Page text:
In some French cities the buildings are numbered, but not all
store fronts get a different number. One building may occupy a
whole block and each store will have the same street address.
In Amsterdam, there is just no correspondence between the addresses on
opposite sides of the canals. If you are looking for an odd
numbered address, you'd better be on the odd numbered side of the
In Geneva I found odd and even numbers on the same side of the street.
In map street indexes in Germany,
remember the interchangeability of umlaut ä,
ü with ae,
and ue, respectively. The street index may put
ajax, and then again, it might not. There are alphabet
aberrations in other European countries also, as you'll see in chapter 26,
Languages, Numbers, Alphabets:
Encounter The Tower of Babel in Europe
When looking for a street in Greece, you'll be confronted by the
dual alphabet problem. The city maps I could find only had the
Latin alphabet. This is no problem in Athens where the street signs
are in both alphabets. But outside Athens, usually only the Greek
alphabet is to be found on the street and road signs.
The maps I found in Kiev show the street names and public places
using the western alphabet. The street signs are only in Cyrillic so
good luck finding anything.
There are two generic types of translating books to help us
through the foreign languages of Europe. You can use the small
phrase books specifically designed for travelers. And/or you can
use a paperback pocket-size dual language dictionary. I like to
carry one of each. The phrase books sometimes include a dictionary,
though it is barely adequate. A real dictionary, pocket size, is much better.
Reading menus will be your most frequent need for a translating
helper. My favorites are the pocket size books published by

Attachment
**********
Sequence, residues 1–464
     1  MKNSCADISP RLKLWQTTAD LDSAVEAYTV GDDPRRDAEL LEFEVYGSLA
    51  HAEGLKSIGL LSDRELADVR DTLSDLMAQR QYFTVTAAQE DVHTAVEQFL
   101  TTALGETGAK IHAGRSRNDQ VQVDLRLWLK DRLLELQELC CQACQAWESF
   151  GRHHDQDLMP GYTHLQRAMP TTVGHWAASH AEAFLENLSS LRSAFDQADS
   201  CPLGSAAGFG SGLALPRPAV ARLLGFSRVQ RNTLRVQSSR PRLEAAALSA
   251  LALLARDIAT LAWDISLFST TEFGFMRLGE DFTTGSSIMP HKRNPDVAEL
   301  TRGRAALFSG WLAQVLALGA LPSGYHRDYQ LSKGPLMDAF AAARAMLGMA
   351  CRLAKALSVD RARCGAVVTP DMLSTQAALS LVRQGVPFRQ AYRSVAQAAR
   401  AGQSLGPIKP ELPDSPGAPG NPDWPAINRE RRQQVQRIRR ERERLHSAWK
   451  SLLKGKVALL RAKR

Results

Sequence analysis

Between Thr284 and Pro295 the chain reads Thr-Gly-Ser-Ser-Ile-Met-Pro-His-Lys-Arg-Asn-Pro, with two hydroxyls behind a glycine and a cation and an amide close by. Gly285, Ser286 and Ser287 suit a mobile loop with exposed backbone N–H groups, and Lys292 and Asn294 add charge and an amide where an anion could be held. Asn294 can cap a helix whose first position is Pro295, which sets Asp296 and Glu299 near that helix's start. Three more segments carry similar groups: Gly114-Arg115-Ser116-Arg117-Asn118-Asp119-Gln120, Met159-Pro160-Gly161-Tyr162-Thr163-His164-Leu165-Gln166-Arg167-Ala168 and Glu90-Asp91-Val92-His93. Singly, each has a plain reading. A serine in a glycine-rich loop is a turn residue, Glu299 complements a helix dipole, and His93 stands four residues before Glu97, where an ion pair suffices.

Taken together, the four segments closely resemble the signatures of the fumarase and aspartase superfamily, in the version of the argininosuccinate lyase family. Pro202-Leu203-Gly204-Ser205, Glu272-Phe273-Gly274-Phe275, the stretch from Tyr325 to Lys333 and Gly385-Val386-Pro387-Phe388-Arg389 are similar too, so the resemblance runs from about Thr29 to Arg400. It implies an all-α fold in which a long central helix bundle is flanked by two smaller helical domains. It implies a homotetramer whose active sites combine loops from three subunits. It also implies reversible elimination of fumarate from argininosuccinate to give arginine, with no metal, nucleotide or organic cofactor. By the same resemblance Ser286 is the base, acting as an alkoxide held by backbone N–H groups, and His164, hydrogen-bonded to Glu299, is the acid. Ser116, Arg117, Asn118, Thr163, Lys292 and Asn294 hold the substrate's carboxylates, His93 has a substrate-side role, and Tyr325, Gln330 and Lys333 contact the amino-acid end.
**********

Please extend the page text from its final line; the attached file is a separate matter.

Berlitz. Most of the languages of Europe are covered in a long
series of books. The books include many common phrases, but also
contain a great deal of other information. For example the Berlitz
Swedish for Travelers includes phrases for greetings, directions,
menus, shopping, and other situations. It also includes the common
road signs, essential for driving in Europe. An oversight in the
Berlitz publications is that the pronunciation guide is given for
the British accent and not for the American. But you can survive
with it. Simply point to the phrase in the book if all else fails.
Berlitz publishes titles for the individual languages of western
Europe, plus their Eastern European Phrase Book. A typical title is
the Berlitz French Phrase Book and Dictionary. Put Berlitz in your
pocket unless you know the local language.
Barron's Educational Series publishes excellent phrase books for
many languages. Typical titles are French at a Glance and German at
a Glance. Because they are published in the USA the pronunciation
guide is keyed to the American accent. These books also include a
tremendous amount of basic information and a mini dictionary as do
the Berlitz books, plus a few maps.
Except in England and most of Ireland you will probably need some form
of translating dictionary. A good reason to carry a Foreign/English
& English/Foreign dictionary is that you will often get into
conversations with foreigners who are nearly fluent but don't know
the English word for, say, smuggler. The dictionary helps to keep
the conversation going. If you are out shopping it's also handy.
But if you are on one of those tours where you are stuffed into
a bus with 20 or 50 other bovine Americans you'll never talk to a
European so you won't need a dictionary. Pity, you went to Europe
to look through a bus window.
Dictionaries for a few popular languages are available in the
USA. If you are going to Italy, France, Germany, Austria, or
Switzerland you should have little trouble in finding a pocket
dictionary in a large bookstore at home. For other languages you
will probably need to go on line and order a book by mail.
Irregular Verbs and Sexual Nouns
Pocket-size translating dictionaries are very helpful. However
many words on signs and posters are not in these books. Conjugated
forms of verbs are not usually included, and the most common verbs
are the most irregular, giving no hint to the root. English is
similar, e.g., the verb to be becomes am, are,
is, were, was and others depending on case,
number, and tense.
Nouns are generally easy to find, though not always easy to use.
Many foreign languages assign a gender to each noun, masculine or
feminine, and some use neuter. French, Dutch, and some other
languages use special feminine endings to denote female persons.
Adjectives may have different endings depending on gender, number,